Birds hopping vs walking

Subject: Birds hopping vs walking
From: Hugo Phillipps <>
Date: Wed, 16 Apr 1997 09:48:05 +1000 (EST)
Peter Pfeiffer's note on Kookaburras hopping after prey on the ground is an
interesting one.  I found the following extract in Jean Dorst's 'The Life of
Birds' Vol.1 (Weidenfeld & Nicholson, 1974).

"Ground-travelling birds move in two different ways, each accompanied by
anatomical modifications to the hind limb which can be detected even within
the passerines.  Those which are adapted especially to life on the ground
walk and run, moving their legs alternately.  Their bodies are usually long
and carried horizontally, their toes long but with short claws, except for
the first toe which carries a long and almost straight claw.

"This mode of progression has the advantage that it involves only small
oscillations of the centre of gravity, and so is very economical of energy.
It is therefore the gait of the truly terrestrial birds, which run from
danger instead of flying and never willingly perch on trees.  It is seen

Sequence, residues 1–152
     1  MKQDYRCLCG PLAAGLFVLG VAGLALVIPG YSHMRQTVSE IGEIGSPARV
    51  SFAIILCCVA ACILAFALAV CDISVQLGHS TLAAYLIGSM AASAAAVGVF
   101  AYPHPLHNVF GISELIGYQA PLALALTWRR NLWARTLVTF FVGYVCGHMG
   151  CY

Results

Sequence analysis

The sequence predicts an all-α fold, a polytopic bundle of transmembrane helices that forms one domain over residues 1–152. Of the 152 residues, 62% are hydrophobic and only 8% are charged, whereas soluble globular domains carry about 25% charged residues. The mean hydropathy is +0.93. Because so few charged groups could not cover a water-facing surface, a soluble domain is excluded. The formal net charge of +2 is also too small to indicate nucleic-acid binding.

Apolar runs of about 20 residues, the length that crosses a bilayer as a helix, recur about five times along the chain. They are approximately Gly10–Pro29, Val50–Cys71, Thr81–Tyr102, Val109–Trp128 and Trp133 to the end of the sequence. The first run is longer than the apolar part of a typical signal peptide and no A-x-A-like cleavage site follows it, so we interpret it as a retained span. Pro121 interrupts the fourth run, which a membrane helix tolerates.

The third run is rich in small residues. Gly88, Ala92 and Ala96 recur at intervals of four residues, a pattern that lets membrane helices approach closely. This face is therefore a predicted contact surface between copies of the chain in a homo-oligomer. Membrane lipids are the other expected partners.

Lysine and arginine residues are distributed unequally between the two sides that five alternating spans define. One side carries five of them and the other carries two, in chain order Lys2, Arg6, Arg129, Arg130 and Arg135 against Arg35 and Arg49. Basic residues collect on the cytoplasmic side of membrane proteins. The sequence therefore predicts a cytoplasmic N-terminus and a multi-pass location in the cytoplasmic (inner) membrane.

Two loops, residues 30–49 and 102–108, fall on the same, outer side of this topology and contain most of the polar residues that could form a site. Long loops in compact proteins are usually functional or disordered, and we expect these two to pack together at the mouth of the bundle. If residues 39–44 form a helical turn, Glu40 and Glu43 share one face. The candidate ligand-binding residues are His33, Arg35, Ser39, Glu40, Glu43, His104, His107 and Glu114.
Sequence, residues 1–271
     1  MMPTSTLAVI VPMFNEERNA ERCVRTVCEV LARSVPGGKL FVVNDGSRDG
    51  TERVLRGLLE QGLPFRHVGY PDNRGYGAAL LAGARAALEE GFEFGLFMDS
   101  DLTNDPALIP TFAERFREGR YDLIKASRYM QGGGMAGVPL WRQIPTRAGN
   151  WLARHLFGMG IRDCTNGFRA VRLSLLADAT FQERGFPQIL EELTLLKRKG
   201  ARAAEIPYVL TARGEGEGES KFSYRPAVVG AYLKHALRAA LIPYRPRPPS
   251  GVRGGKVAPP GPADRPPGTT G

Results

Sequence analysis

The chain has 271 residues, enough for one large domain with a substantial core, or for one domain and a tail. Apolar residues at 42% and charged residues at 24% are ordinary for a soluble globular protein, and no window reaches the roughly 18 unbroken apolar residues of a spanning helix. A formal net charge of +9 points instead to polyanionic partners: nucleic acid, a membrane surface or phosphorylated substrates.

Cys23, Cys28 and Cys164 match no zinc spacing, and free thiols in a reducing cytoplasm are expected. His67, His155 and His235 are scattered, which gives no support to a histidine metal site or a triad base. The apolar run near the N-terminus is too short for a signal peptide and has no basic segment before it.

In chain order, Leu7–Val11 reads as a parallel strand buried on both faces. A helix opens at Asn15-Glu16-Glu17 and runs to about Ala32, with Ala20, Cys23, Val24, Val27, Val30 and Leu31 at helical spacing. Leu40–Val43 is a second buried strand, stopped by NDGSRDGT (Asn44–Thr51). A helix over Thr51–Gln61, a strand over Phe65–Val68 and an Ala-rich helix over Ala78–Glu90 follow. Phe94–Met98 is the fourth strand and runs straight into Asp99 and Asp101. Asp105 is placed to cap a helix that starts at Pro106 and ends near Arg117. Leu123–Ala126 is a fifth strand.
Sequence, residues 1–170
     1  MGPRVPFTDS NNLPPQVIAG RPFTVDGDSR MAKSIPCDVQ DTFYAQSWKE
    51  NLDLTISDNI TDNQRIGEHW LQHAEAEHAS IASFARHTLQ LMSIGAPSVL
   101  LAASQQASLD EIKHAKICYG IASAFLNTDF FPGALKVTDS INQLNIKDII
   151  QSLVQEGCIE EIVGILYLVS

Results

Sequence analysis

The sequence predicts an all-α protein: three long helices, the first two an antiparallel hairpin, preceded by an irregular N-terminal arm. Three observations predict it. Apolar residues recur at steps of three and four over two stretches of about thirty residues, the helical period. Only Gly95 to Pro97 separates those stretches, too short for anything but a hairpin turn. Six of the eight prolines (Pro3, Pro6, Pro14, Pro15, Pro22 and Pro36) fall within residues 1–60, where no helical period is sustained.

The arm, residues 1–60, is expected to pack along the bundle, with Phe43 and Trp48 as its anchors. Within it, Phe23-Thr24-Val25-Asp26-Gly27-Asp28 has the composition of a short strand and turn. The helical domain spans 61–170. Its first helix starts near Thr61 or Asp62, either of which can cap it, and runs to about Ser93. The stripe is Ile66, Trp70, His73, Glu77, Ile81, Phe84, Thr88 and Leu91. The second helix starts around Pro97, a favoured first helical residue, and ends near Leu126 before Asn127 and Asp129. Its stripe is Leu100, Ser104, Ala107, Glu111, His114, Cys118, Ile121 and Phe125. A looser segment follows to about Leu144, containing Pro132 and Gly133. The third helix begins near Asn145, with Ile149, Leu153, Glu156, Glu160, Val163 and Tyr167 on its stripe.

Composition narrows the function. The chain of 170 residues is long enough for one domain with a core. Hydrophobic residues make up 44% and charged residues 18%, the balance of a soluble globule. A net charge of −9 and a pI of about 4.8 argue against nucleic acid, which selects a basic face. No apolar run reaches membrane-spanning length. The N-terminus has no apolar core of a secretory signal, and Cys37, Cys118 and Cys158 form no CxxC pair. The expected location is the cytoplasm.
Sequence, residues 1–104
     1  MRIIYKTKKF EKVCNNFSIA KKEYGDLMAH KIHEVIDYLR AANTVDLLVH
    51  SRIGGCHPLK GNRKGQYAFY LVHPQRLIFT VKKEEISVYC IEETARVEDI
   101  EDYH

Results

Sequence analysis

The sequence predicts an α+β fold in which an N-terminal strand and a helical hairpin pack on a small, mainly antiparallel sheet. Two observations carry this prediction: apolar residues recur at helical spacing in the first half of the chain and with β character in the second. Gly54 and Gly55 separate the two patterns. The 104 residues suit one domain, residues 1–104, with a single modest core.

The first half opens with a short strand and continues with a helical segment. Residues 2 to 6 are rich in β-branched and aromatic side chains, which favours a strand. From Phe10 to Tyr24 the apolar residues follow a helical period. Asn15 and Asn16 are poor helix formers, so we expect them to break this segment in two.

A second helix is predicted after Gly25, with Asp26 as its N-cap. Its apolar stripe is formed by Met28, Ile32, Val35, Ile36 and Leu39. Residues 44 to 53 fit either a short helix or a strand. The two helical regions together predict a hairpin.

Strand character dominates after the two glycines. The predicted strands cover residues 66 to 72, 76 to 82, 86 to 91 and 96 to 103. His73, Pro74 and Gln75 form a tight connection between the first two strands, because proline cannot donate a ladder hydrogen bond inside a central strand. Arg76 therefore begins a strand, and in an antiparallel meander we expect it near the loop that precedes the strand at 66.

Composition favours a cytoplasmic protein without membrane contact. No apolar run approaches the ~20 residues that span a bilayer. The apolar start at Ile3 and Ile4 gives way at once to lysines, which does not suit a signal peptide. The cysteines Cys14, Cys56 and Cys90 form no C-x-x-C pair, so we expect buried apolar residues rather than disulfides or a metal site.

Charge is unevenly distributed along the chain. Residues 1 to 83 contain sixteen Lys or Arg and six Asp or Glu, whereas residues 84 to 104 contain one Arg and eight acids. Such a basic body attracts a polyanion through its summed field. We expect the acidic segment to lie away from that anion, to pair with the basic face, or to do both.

also in some small passerines such as larks, pipits and the Snow Bunting, in
larger ones such as the Starling and the Crows and of course in other
terrestrial groups such as the game-birds...

"Other birds, all of them small passerines, move over the ground by a very
characteristic hopping, the series of jumps being interrupted by pauses.
This gait is only possible to small birds, since for larger ones it would
involve disproportionate expenditure of energy.  They can move fast on the
ground for a short time, while most of their life is spent in trees to and
from which they take flight at the least alarm."

However, Kookaburras are not small passerines.  Peter's comment that they
look 'pretty stupid' translates to looking 'pretty clumsy' because they are
not well adapted anatomically to hopping, but their opportunistic
flexibility in chasing food also means something close to 'pretty clever'.

Cheers,  Hugo.

Hugo Phillipps,
Birds Australia Conservation & Liaison,
Australian Bird Research Centre,
415 Riversdale Road,
Hawthorn East, VIC 3123, Australia.
Tel: +61 3 9882 2622. Fax: +61 3 9882 2677.
Email: <>
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